Step 5. Developing the tunnel posterior to neck of pancreas and looping it, followed by staple transection with Endo GIA™ Auto Suture™ Universal Articulating Load (60 mm-3.5 mm) in four of our patients and Endo GIA™ 60 mm Articulating Reload with Tri-Staple™ technology (Medium/Thick) in the remaining one. In one patient, the pancreatic body was staple transected to the left of superior mesenteric–portal vein, including the splenic vein but excluding the splenic artery and our preference for stapling cartridge was not influenced by this. In the rest, the transection of neck was achieved separately and splenic vessels were dealt with as under. Stapling of the pancreatic neck was done gradually after tightening and compression for 1 min followed by firing over 30 s and the transection over the next 15 s. SEAMGUARD™ staple line reinforcement was used in two patients during staple transection.

Step 6. Splenic vein and artery are secured with ligatures/hem-o-lok clips.

Step 7. Mobilisation in a 'medial to lateral' fashion in an avascular retroperitoneal plane behind pancreatic body and tail till lienorenal ligament, which is divided subsequently. LigaSure™ was used when collaterals were encountered. A blunt tipped instrument is passed from epigastrium and directed towards lower pole of spleen and posterior to the cyst to lift the distal pancreas, cyst and spleen 'en bloc' in the cranial direction gently. This facilitates medial to lateral dissection.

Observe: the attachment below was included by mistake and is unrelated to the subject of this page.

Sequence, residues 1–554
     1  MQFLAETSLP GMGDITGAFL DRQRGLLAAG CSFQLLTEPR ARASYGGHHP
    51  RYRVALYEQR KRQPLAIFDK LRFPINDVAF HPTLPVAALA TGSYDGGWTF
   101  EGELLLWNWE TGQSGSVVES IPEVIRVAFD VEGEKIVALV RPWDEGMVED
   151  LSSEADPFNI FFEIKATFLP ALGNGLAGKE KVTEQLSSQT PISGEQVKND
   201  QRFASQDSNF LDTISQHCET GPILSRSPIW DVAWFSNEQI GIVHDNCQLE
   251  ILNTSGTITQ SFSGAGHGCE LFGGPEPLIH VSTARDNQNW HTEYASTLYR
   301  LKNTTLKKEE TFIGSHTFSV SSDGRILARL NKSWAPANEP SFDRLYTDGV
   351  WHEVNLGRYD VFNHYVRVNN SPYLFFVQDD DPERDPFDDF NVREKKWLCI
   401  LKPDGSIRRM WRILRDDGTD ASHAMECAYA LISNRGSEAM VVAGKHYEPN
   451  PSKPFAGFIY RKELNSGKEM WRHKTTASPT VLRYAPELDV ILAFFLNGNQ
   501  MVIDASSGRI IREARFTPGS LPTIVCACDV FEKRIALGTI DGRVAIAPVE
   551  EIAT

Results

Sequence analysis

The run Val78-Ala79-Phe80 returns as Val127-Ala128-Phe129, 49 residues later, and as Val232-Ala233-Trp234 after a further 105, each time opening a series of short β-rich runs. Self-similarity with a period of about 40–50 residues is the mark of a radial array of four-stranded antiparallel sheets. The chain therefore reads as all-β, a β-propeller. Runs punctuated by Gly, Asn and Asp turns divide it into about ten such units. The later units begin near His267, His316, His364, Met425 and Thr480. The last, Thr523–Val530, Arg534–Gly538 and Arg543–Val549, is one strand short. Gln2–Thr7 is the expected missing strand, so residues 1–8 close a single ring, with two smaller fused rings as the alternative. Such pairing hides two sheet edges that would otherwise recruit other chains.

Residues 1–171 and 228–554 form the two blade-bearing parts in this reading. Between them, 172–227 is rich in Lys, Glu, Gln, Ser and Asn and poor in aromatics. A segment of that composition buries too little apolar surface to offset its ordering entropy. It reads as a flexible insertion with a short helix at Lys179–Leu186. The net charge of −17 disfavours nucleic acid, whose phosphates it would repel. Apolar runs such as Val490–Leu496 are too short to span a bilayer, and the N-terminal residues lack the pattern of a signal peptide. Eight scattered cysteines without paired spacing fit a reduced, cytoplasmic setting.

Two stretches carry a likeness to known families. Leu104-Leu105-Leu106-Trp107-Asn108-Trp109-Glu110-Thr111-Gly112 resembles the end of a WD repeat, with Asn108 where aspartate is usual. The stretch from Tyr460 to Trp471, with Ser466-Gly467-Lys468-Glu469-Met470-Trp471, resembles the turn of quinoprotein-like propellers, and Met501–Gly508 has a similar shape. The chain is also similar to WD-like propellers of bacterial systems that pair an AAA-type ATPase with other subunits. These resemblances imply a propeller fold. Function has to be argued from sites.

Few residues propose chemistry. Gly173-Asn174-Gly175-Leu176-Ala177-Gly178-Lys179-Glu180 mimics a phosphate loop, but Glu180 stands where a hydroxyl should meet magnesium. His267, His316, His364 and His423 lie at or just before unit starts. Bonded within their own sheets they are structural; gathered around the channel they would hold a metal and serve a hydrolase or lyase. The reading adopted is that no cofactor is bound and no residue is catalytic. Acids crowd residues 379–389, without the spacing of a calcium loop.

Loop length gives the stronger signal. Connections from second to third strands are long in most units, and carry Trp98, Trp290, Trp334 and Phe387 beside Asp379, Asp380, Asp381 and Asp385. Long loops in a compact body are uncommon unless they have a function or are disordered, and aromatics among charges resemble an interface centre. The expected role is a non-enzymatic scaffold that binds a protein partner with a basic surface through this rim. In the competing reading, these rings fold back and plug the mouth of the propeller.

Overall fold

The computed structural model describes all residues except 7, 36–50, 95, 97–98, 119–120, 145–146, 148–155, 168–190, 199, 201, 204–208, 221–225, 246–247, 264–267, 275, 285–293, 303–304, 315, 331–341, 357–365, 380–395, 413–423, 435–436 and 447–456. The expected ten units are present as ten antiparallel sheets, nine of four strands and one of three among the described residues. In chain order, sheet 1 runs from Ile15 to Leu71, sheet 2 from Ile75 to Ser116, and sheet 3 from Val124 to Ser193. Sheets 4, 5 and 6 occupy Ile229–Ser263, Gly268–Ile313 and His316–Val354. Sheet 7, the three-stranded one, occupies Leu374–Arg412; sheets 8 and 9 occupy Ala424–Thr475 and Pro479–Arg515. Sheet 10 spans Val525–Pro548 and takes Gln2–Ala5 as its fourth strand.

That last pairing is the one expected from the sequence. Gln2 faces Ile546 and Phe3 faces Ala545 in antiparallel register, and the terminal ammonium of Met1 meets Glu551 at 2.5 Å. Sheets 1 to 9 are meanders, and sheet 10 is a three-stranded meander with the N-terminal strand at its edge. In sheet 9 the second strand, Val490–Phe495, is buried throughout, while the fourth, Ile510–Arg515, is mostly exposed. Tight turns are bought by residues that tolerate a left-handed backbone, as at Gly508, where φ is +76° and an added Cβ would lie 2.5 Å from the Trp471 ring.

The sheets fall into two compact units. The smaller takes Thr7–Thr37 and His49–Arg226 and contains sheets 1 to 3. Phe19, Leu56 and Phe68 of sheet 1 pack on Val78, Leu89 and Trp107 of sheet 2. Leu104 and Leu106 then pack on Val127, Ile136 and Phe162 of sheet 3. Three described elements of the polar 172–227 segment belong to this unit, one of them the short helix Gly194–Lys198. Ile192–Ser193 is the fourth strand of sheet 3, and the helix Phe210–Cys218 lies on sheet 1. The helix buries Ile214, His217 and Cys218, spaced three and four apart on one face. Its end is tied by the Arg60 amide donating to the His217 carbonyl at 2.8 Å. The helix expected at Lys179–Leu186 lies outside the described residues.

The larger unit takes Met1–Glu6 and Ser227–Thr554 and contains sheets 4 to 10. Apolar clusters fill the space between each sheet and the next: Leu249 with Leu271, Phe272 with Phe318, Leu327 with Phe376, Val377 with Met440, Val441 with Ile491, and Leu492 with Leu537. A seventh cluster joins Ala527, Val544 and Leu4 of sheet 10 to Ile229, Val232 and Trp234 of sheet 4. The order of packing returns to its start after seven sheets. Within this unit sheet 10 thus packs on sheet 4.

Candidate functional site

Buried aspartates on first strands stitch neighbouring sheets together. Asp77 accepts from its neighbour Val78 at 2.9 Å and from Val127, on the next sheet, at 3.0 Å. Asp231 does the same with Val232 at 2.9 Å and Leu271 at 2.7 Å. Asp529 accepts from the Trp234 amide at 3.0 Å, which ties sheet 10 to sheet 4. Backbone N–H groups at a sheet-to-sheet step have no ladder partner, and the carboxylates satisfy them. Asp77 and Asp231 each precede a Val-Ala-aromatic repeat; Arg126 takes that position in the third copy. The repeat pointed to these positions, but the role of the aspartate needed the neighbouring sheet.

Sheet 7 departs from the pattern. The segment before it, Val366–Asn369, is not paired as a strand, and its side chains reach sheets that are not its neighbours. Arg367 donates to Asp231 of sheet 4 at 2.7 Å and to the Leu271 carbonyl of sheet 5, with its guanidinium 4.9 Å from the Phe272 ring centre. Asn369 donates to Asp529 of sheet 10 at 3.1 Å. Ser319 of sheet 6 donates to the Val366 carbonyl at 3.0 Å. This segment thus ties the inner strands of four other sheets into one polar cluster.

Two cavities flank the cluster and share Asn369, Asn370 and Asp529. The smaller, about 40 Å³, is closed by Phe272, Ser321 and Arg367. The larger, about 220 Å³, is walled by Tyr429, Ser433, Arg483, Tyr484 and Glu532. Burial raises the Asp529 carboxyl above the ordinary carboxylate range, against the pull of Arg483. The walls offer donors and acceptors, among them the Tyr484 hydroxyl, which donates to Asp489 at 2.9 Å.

Step 8. Short gastric vessels are divided, and the specimen is bagged.

Step 9. Haemostasis, irrigation and suctioning followed by drain placement (28F tube) next to the transected border of pancreas.

Step 10. Retrieval of specimen was done through Pfannenstiel incision in two and subcostal incision (5–6 cm, by joining left midclavicular and left anterior axillary port sites) in the remaining three.

Step 11. Closure of extraction wound site in layers (muscle with running No1 PDS). Sheath at port sites (size 10 mm and 12 mm) closed with no1 vicryl suture. Skin was stapled.


  Results Top


Forty-one patients underwent distal pancreatectomy during the study period. Of these 41 patients, 26 had a laparoscopic resection and two of them required a conversion to open operation (both cases of neuroendocrine tumours). There were fourteen patients of cystic neoplasms and all of them had a successful laparoscopic resection. Out of these fourteen patients, five patients had a lesion more than 8 cm and formed the part of this study. Demographic features and clinical profile of patients are shown in [Table 1]. The mean cyst size was 11.2 cm (range 8–15 cm). The first two patients presented with pain abdomen which led to detection of the cystic tumours on ultrasound (USG). Cases 3 and 4 were asymptomatic and detected on USG during routine health check. Case 5 presented with a history of pain abdomen with radiation to back of 10 days duration. Multi detector computed tomography (MDCT) and magnetic resonance imaging with cholangio-pancreatography (MRI with MRCP) were performed in all patients.
Table 1: Demographic and clinical profile of patients